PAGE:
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Home / Health / As the coronavirus continued to spread, covid-19 watched the economy as the top issue for voters, exiting the poll showed

As the coronavirus continued to spread, covid-19 watched the economy as the top issue for voters, exiting the poll showed



But about a third said they were driven mainly by the economy, including 6 out of 10 voters supporting President Trump. In Florida, for example, President Trump overwhelmed those who saw the economy as the top issue, with about eight out of 10 votes for him. But Biden has won about nine out of 10 voters, who named the pandemic, race inequality or health care policy the most important issue.

A majority of voters said it is more important to stop coronavirus now, even if the necessary measures hurt the economy. About 4/1

0 said the economy is more important, even as the recovery of the country’s economic health impedes efforts to limit the spread of the virus.

Amid a resurgence of coronavirus in much of the United States, the preliminary poll found voters to have a tight split over whether U.S. efforts to contain This virus is going “good” or “bad”. But almost twice as many voters say that the pandemic control effort has been going “very badly” than say they have gone “very well.”

Millions of voters cast their ballots directly on Tuesday despite the worst of the pandemic to do so. Nearly 89,000 new infections were reported on Tuesday, bringing the total number of US cases to more than 9.3 million. Virus continued to spread through the Midwest and Delta states. Seven states have set records for hospital admissions for patients with covid-19, a coronavirus disease, including Indiana, Iowa, Ohio and Wisconsin.

Control of the White House and Senate gained control on Tuesday, the situation unaffected by voters whose families and finances have been hacked by the coronavirus.

Mrs. Betty Sullivan, 59, said: “It’s very personal to me, because it’s right in my family,” said Betty Sullivan, 59, as she stood in line to vote for Jackson, Miss. , On Tuesday morning.

Sullivan’s two sons and her three grandchildren have been infected with coronavirus. Her oldest son, 36 years old and living in Atlanta, had a positive result after going to the bar. Her youngest son, 32 years old, appears to have been infected by a colleague. She said her grandchildren, aged 6, 8 and 14, became infected with the virus after receiving day care and attending school for the past three weeks.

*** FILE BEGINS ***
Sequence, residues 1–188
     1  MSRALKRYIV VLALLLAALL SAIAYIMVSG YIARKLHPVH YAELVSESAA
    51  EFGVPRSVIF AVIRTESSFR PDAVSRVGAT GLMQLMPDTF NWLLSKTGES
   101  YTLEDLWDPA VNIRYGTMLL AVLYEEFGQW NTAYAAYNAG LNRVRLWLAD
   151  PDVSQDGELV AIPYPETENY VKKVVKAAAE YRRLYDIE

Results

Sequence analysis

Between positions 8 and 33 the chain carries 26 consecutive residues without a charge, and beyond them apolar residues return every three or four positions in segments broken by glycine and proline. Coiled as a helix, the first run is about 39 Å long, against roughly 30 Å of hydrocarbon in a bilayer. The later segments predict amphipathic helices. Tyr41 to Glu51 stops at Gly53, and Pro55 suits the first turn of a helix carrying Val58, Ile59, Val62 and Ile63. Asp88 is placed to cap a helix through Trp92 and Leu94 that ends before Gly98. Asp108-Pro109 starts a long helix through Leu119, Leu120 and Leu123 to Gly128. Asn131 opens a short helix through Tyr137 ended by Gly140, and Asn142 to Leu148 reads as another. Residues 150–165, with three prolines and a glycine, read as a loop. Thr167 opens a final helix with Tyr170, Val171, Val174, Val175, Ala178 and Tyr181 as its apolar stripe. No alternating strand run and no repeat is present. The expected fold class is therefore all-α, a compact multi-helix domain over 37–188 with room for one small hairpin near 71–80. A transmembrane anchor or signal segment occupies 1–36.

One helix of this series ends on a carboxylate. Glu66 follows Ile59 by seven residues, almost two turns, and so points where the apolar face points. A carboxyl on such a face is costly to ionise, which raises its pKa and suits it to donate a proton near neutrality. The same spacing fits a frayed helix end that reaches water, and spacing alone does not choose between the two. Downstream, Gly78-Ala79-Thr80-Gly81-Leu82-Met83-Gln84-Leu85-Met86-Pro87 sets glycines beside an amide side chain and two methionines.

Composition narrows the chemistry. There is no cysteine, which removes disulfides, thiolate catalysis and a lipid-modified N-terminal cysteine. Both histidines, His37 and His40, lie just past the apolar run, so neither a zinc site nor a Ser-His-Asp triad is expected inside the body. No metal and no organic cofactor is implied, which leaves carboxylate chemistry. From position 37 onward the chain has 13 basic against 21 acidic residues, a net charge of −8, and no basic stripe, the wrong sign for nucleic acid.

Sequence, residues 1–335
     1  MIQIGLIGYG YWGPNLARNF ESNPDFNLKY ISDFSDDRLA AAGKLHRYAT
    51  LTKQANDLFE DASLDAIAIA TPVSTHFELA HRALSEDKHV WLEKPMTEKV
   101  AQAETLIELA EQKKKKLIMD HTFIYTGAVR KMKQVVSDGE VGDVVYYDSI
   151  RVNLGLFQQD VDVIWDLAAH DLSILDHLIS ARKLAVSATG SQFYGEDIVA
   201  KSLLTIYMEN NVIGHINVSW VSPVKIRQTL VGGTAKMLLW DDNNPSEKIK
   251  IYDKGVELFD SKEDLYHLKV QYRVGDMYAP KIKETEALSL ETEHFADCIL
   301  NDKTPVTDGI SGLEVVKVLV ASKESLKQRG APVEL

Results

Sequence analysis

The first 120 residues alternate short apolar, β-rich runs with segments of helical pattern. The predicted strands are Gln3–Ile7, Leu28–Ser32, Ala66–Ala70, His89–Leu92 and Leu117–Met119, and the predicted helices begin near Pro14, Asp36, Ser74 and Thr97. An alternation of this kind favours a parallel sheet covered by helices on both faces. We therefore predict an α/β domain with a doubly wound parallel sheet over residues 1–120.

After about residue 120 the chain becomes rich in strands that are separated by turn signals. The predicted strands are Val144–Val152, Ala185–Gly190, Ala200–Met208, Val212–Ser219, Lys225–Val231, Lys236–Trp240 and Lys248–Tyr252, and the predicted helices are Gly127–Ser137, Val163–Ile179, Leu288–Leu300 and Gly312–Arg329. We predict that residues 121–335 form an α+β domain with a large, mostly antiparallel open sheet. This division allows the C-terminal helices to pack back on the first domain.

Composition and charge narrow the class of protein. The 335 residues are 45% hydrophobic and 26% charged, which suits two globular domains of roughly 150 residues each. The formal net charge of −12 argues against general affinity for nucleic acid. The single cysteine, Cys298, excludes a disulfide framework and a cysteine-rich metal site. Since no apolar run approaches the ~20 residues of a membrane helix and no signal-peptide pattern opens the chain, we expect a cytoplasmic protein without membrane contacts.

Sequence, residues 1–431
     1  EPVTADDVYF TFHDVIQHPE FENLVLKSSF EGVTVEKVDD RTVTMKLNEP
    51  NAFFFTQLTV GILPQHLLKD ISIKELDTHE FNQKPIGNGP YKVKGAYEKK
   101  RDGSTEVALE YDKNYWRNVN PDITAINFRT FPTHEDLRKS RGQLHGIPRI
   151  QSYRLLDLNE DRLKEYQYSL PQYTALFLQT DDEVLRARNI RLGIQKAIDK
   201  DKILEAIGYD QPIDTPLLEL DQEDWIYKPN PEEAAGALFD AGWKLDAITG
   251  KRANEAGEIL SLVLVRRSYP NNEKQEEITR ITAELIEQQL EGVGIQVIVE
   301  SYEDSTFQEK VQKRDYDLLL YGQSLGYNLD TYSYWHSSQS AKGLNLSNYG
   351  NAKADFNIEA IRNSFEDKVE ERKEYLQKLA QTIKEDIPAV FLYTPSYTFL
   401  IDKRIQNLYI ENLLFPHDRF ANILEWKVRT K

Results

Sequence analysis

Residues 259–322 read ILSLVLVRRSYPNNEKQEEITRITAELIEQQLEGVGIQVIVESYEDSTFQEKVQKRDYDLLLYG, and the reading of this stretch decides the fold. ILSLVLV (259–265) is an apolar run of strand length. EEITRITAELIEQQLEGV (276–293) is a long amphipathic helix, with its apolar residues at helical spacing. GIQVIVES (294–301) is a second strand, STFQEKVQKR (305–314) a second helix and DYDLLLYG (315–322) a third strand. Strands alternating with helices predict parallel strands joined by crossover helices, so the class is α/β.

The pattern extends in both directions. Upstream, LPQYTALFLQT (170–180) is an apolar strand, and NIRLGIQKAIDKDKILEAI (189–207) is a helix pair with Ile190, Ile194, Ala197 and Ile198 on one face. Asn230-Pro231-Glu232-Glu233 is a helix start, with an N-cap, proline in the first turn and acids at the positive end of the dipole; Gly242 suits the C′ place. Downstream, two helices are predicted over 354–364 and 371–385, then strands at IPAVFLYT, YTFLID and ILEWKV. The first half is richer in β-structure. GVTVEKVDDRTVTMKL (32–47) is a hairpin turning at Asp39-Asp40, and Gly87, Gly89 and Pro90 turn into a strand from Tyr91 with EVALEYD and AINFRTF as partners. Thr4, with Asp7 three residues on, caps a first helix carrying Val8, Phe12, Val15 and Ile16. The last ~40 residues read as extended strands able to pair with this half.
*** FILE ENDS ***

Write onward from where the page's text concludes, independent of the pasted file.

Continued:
“I think in the past, we didn’t really think too much about voting; Sometimes we are really, very normal about that, but, just with everything that has viruses, with pandemic, with the political climate, people now really realize the importance of getting out. Out, go out and vote, ”said Sullivan.

Regardless of the election results, the recent astonishing rise in coronavirus infections has put the country on a difficult road in the next few weeks. The number of hospitalizations has increased sharply, has been and is underway, leading to an increase in infections and subsequent deaths expected to increase in the weeks to come.

“The trajectory we are taking is one we should look forward to in the coming weeks,” said Jennifer Nuzzo, senior scholar at the Johns Hopkins Center for Health Security. “We will be waiting for the coming weeks.”

Stopping a pandemic is not the same as throwing a switch, experts say. It’s like trying to spin an oil tanker at sea.

“Viruses don’t know how to vote, don’t know borders, don’t know demographics,” said Ali Mokdad, a Washington University epidemiologist. “Unfortunately, the virus is progressing regardless of what happened today.

Mokdad added: “Elections won’t change the virus. “Our behavior, our response to viruses, will hopefully change.”

Preventing major changes in behavior means much more widespread use of the mask, limit social exposure and other mitigation measures, Mokdad believes that “some states, a large number of states, will have to implement a decommissioning order,” before December or January.

Although mortality has improved thanks to better medical technologies and drugs, the main cause of the pandemic is spreading in communities in many countries.

“Even the vaccines don’t turn any of the switches on. William Hanage, an epidemiologist at the Harvard TH Chan School of Public Health, said in an email Tuesday it would be difficult to vaccinate people.

Columbia University epidemiologist Jeffrey Shaman says part of the problem is that human behavior is not easily altered. There is “huge inertia,” he said, and that will make it difficult for officials to slow an outbreak in many parts of the country.

And if the US follows Europe and enters a new limited period, there could be increasing pressure on another major bailout package, which Congress has been unable to agree with since the first. Expires.

“There is growing evidence of a need to provide resources to help people comply with public health recommendations,” Nuzzo said. “I’m afraid we have focused on increasing the number and type of tests, but not eliminating the disadvantages people might have in terms of testing. Specifically, loss of income ”.

Michael T. Osterholm, director of the Center for Infectious Diseases Research and Policy at the University of Minnesota, said he hoped that after the election, “we can come together as one country and come together against virus, not each other. No more red and blue states, counties or cities. All of them are colorful ”.

Sarah Fowler of Jackson, Miss., And Scott Clement and Emily Guskin from Washington contributed to this report.


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